How Does Scout Mature In To Kill A Mockingbird

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To Kill a Mockingbird by Harper Lee is a novel about two years of Scout’s childhood that is flashed back on by her older self. The setting of the story takes place in the small town of Maycomb, Alabama during The Great Depression. The Finches are a small family, with Jean Louise Finch, also known as “Scout,” as the younger sibling, and Jeremy Atticus Finch, nicknamed Jem, as her older brother. Their father, Atticus Finch, a lawyer, is their only parent and tries his best to educate them for adulthood by teaching morals. Scout doesn’t think like the average seven year old; she’s confident and literally fights anyone that gets in her way, but throughout the story, Scout matures from her childhood innocence, her simple, trusting, naive ways by…show more content…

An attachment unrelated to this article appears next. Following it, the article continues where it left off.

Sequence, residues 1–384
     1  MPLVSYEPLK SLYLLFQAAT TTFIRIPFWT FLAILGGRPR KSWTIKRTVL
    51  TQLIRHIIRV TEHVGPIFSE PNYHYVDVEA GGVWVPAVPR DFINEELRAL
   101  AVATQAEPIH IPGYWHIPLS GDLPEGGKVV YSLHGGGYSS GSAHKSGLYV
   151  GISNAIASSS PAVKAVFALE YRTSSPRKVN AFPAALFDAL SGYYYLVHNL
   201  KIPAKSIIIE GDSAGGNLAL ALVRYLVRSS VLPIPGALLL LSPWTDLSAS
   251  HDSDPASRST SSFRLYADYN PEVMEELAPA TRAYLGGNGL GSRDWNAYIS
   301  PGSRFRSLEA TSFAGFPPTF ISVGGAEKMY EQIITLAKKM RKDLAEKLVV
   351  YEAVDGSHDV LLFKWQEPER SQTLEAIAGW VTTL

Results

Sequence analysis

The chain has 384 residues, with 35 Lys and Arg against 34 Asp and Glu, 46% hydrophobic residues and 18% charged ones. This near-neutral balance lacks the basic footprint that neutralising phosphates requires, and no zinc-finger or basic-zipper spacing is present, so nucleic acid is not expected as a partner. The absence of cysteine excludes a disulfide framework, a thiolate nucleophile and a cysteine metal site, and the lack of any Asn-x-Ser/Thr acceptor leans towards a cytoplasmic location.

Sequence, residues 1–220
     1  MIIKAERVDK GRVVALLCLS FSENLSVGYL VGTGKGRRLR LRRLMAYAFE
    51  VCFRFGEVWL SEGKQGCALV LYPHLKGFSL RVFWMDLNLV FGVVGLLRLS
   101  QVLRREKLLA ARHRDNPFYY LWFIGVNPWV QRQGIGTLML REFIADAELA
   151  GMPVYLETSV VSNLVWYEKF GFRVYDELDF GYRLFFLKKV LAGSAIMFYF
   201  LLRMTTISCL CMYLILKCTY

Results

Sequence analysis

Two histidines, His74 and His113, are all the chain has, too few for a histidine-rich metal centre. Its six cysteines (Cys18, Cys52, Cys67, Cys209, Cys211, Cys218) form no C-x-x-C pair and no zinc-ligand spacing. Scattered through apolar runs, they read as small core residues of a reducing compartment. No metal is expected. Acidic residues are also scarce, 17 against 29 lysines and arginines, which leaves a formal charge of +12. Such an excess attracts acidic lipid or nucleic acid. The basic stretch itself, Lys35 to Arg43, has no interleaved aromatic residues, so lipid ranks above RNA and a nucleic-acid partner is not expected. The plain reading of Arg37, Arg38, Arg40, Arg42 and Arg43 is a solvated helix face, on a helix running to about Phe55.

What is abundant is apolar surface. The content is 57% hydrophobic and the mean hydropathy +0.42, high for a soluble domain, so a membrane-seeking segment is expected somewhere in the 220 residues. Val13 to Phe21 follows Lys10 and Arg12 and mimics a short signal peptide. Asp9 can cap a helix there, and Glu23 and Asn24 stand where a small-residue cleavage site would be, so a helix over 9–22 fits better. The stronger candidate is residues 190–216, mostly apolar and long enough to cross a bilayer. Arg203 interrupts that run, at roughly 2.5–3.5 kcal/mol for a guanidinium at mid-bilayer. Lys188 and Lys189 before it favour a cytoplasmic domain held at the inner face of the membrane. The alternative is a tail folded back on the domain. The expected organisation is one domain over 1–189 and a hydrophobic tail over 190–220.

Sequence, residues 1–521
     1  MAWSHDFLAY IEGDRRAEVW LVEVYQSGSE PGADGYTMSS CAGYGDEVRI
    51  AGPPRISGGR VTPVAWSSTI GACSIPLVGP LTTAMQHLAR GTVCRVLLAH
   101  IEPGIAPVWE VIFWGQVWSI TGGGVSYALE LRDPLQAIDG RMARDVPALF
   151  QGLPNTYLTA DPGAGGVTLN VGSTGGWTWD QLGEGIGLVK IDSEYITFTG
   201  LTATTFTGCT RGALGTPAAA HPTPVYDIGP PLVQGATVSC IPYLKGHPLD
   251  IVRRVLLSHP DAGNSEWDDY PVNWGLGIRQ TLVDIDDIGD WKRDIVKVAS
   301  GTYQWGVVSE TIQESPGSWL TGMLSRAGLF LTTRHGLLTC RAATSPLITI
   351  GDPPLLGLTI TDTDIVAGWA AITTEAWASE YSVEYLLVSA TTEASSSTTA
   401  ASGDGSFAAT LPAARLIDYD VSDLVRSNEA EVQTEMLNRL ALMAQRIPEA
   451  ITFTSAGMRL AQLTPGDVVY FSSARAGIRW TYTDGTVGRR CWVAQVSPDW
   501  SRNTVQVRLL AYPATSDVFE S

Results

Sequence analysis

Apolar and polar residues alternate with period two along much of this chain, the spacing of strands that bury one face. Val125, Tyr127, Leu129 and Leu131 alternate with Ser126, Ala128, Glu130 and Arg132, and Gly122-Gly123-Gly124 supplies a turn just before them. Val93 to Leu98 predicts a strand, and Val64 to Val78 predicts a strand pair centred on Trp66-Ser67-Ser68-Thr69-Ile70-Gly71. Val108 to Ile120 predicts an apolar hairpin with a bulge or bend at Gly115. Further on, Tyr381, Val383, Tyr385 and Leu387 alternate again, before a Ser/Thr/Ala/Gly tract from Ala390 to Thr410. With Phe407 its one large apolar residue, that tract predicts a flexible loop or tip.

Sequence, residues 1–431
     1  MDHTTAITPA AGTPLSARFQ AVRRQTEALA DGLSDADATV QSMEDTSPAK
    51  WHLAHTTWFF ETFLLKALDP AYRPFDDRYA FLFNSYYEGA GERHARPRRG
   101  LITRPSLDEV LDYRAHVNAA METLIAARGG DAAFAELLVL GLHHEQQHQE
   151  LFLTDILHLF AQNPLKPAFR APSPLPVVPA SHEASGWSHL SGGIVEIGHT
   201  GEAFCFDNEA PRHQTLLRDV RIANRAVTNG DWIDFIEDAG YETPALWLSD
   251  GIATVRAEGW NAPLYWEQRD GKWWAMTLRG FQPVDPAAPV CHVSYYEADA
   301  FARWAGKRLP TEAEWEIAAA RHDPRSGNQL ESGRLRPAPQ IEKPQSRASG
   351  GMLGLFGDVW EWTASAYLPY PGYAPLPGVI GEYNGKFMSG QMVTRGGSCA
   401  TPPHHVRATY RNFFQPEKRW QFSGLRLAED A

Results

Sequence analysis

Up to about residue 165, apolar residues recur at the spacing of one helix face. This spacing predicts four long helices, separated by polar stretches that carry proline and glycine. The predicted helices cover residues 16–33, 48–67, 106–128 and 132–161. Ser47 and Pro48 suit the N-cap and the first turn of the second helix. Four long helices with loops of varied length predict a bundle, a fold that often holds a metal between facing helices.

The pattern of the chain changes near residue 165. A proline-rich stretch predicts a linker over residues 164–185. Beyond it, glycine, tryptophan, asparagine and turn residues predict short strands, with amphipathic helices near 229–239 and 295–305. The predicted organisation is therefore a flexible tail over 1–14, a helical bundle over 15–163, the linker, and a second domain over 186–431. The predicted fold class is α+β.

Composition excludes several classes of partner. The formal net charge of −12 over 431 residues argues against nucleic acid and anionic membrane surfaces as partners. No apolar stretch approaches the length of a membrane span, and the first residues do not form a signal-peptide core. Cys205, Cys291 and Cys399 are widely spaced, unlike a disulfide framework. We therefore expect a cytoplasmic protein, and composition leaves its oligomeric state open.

Atticus gets assigned a case by the government, without a choice to decline, and he knows that he won’t win because of the prejudice against blacks in Alabama during the time period. Unlike other lawyers in this situation, he takes the case and defends Tom Robinson just like he’d defend a white person, giving it his best effort. In the end, Scout realizes that it isn’t fair that Tom was convicted because all he ever did was good. Another awakening where Scout not only sees, but experiences unfairness, is when Uncle Jack punishes her without listening to her side of the story. Scout says, “You [Uncle Jack] never stopped to gimme a chance to tell you my side of it”(78). Uncle Jack never knew that she hit her cousin because he was calling Atticus a “...nigger-lover”(81). Then, when Scout’s teacher expresses her frustration with the way that Scout keeps sharing of all that she knows from her reading with her dad, Scout realizes that even her teacher isn’t always fair. She tells Scout that she is not allowed to read with her dad anymore because it is causing a disruption to her classroom. By learning that all people aren't fair, Scout loses her
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